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Mild Mannered Reviews - JLA Comics

JLA #115

JLA #115

Scheduled to arrive in stores: June 8, 2005

Cover date: August 2005

Writer: Geoff Johns & Allan Heinberg
Penciller: Chris Batista
Inker: Mark Farmer

"Crisis of Conscience" - Part One

Reviewed by: Barry Freiman

Click to enlarge



J'onn J'onzz is on the red dead planet Mars looking for any evidence of life on his former home planet. But Mars is dead and he thinks of the League as home now.

On the Watchtower, Hawkman and Green Arrow are fighting. The Flash wants to tell Batman that the JLA mind-wiped him as detailed in "Identity Crisis". J'onn returns to the Watchtower. He can't read their minds because he's been kept out all these years by Zatanna's magic.

The newly alive Hal Jordan Green Lantern shows up and tells Hawkman he's inclined to agree with Wally that, if they get the secret out in the open, they can move on with their lives.

Hawkman angrily tries to storm out and Jordan uses the power ring to stop him. GL then tells J'onn the truth about what they did to the Secret Society, Dr. Light, and Batman.

J'onn, as a telepath, has a keen appreciation for the extent that they violated the villains and Batman. He leaves, telling the League he is off to fix things.

Meanwhile, at Belle Reve prison, a shadowy unseen figure resuscitates the second Star Sapphire and restores her mind-wiped memories. She demands to know who did this to her.

Back on the Watchtower, a distress signal comes in from Happy Harbor, Rhode Island. Someone has attacked android Red Tornado.

Suddenly a second distress call comes in from Opal City where Ralph Dibny (a.k.a. the Elongated Man) lives.

GL, GA, and Black Canary rush to Happy Harbor to help the Red Tornado, but they are attacked by Chronos, Felix Faust, and the Floronic Man.

Meanwhile, in Opal City, Maryland, Ralph is being attacked and is reaching for the Gingold that enables him to stretch when he's rescued by Hawkman. Along with Flash and Zatanna, they are being attacked by the Wizard, Star Sapphire, and Matter Master.

In Gotham City, Catwoman is fighting Firefly when she's interrupted by Batman, who's interrupted by J'onn, who's interrupted by the beaten Justice Leaguers dropped on their heads by the Secret Society. The Wizard calls Batman by the name "Bruce". Batman tells J'onn that whatever he wanted to talk to him about will have to wait.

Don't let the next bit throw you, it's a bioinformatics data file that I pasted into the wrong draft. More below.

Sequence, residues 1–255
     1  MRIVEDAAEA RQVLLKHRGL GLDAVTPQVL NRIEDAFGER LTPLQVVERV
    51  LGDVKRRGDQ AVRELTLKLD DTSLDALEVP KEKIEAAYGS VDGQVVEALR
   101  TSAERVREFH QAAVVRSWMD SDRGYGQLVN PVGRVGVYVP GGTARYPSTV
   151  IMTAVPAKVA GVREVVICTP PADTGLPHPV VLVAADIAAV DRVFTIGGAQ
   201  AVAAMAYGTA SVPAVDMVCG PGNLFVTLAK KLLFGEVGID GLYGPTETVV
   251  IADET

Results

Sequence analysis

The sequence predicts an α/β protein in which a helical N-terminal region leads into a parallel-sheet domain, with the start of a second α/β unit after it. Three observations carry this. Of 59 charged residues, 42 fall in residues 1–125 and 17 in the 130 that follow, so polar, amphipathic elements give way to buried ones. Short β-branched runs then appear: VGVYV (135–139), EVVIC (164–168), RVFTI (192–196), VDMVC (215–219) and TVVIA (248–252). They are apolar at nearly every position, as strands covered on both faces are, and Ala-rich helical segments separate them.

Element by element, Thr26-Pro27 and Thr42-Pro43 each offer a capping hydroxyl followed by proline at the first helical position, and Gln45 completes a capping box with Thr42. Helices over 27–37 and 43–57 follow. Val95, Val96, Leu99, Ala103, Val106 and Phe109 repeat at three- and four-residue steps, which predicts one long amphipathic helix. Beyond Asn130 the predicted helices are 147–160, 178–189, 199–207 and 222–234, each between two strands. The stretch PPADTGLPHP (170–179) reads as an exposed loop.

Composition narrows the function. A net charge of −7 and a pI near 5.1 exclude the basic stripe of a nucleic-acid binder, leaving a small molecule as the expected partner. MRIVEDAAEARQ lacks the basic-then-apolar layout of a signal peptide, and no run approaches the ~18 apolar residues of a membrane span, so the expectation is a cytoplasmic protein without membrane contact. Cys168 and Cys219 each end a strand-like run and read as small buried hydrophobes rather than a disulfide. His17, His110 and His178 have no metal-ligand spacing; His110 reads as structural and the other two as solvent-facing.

4Story - 4: My buddy Brad Meltzer, author of "Identity Crisis" is either a @#$% genius, having written a blueprint for the two to three year period following that series, or a writer who wrote a story so full of holes that DC naturally had to follow up with stories answering the myriad of open issues left after the story's end. Honestly, my opinion of "Identity Crisis" fluctuated several times as I reviewed that series between those two extreme beliefs as did the opinions of many online prognosticators. Now that life in the DCU has clearly not gone on as it did before "IC", everyone associated with the new new DC - not just Meltzer - deserves accolades for making comic reading, vis a vis comic collecting, fun again.

As the next Crisis looms four months in the distance, it's clear that the point of stories like this is to show the unraveling of the 'all-for-one, one-for-all' approach to the League that was always much better suited to the Teen Titans anyway. This is a League in name only. When the "Infinite Crisis" causes crises of an infinite nature, the heroes of Earth will be so beaten down by betrayals and breaches of trust that the fraternity of do-gooders will be so woefully unprepared for whatever threat will clearly require a united front of heroes (and God help us, villains).

The highlight of the issue was the inclusion of Catwoman, the one villain who didn't need a mind-wipe to go straight (or did she?). Her presence only helps to highlight the increasingly blurry line between heroic behavior and vile villainy.

All in all, this is a strong start loaded with enough action to preoccupy the reader. The only major downside? No Superman. But seeing J'onn's reaction, the villains' rage, and Batman's growing distrust (even for him) of the rest of the heroic community, only whets my appetite more for when the inevitable reveal to the Man of Steel takes place.

5Art - 5: The issue is drawn as if it were the next issue of "Identity Crisis" which is an impressive feat for Batista and Farmer as they had nothing to do with the landmark miniseries. From the classically iconic representations of the League to the blue-black, star-speckled depiction of outer space outside the Watchtower, this isartwork that heightens the emotions.

4Cover Art - 4: A straight-forward and well-rendered illustration that evokes the story inside without aping it. As in "Identity Crisis", Rags Morales is still guilty of the Pinocchio syndrome - cut the long noses.

The most interesting aspect of the cover is the rendering of Batman's cape. The lines and shadows lend substance and weight to the leathery appearance. Now if only Green Arrow would get rid of the little green feather in his cap.



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